Anything But Creepy and Crawly

Many species of insects occur throughout all habitats in the Monument. The diversity of insect life on the Monument is very high—over 1,500 species have been documented. Because of their extraordinary diversity and intimate interactions with vegetation, insects are one of the most sensitive measures of ecosystem quality and function.

The Hanford Site likely represents the closest approximation to a pre-European colonization insect fauna as can be found in eastern Washington. The diverse insect fauna of the Monument was one of the resources called out in the Presidential Proclamation establishing the Monument. The source of the Monument’s insect diversity and unique character can be attributed to the size, diversity and relatively undisturbed condition of its native vegetation and other natural habitat characteristics. For example, several groups of insects appear to be associated with areas of extensive microbiotic soil crusts; mite and Collembola (springtail) fauna are abundant where the crust is intact and are virtually nonexistent where the crust has been destroyed, which is most of the state.

Most insects are associated with specific microhabitats or host plants, are short-lived, and travel only short distances during their life. Unlike birds and mammals that may colonize an area if suitable habitat develops, the ability of insects to re-invade sites is minimal. Preservation of the variety of habitats available throughout the Monument is therefore particularly important for invertebrate conservation.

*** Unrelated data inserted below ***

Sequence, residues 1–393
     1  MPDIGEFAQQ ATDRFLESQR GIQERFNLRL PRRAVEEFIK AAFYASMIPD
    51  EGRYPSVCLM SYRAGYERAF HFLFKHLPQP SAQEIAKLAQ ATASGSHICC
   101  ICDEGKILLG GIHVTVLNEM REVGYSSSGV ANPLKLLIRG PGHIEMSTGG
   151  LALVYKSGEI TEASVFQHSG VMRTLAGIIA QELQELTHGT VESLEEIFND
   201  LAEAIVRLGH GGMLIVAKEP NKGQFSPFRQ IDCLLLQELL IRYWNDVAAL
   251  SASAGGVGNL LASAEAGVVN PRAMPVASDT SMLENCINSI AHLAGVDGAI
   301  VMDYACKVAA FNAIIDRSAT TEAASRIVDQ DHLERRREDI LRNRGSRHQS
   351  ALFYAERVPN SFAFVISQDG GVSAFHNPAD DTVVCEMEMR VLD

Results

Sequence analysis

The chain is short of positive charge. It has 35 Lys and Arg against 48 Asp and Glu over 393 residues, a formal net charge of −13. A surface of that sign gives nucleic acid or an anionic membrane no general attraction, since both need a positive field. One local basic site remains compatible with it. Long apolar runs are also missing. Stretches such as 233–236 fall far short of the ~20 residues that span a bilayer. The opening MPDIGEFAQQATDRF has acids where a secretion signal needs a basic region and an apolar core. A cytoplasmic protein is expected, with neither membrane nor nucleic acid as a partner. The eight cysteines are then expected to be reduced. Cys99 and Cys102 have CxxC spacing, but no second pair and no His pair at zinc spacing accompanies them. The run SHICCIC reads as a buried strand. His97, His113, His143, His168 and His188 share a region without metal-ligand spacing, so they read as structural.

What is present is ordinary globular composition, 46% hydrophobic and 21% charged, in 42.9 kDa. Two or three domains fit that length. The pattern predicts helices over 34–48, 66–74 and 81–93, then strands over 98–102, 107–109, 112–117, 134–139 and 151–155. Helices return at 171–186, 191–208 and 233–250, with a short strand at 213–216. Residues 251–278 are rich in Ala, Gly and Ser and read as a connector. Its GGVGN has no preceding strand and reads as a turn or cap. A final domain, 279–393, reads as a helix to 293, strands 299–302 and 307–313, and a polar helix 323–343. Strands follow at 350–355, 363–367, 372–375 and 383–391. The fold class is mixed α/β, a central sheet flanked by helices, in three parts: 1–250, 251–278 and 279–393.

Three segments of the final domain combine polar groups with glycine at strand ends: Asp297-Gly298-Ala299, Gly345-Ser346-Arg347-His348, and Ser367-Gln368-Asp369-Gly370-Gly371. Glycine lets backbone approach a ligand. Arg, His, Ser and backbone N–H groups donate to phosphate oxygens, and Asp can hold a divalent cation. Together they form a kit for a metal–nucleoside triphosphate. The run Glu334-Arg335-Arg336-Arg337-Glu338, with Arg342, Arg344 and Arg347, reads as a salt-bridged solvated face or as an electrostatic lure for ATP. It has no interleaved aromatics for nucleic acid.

Darkling beetles are some of the more conspicuous ground-dwelling insects on the Hanford Site, including the Monument. These beetles play an important role in the nutrient cycling in shrub-steppe communities and are prey for a variety of mammals. Darkling beetles are generally more abundant in warmer and drier locations and in areas dominated by native vegetation, and thus may be a good indicator of change in shrub-steppe habitats.

The Rattlesnake Unit, including the Arid Lands Ecology Reserve, is particularly rich in butterflies and moths; 46 butterfly species and 107 moth taxa have been identified. Umtanum Ridge, Rattlesnake Ridge, and the shorelines of the Columbia River appear to support a wide variety of butterflies, including several rare species. An alkaline spring on Umtanum Ridge supports an endemic snail not described anywhere else in the world.

Aquatic insects, which are a critical link in the ecosystem and support the healthy fall chinook population, as well as the native resident fish community, include 145 taxa on the Hanford Site.

If you're interested in the extensive insect study, read on.

By the way, 'lepidopterans' are people who study butterflies and moths.